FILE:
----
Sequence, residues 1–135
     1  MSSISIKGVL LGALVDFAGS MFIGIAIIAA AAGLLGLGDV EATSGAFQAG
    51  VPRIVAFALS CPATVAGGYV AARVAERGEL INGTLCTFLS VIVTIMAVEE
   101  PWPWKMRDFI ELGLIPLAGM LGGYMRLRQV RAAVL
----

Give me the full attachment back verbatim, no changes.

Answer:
Sequence, residues 1–135
     1  MSSISIKGVL LGALVDFAGS MFIGIAIIAA AAGLLGLGDV EATSGAFQAG
    51  VPRIVAFALS CPATVAGGYV AARVAERGEL INGTLCTFLS VIVTIMAVEE
   101  PWPWKMRDFI ELGLIPLAGM LGGYMRLRQV RAAVL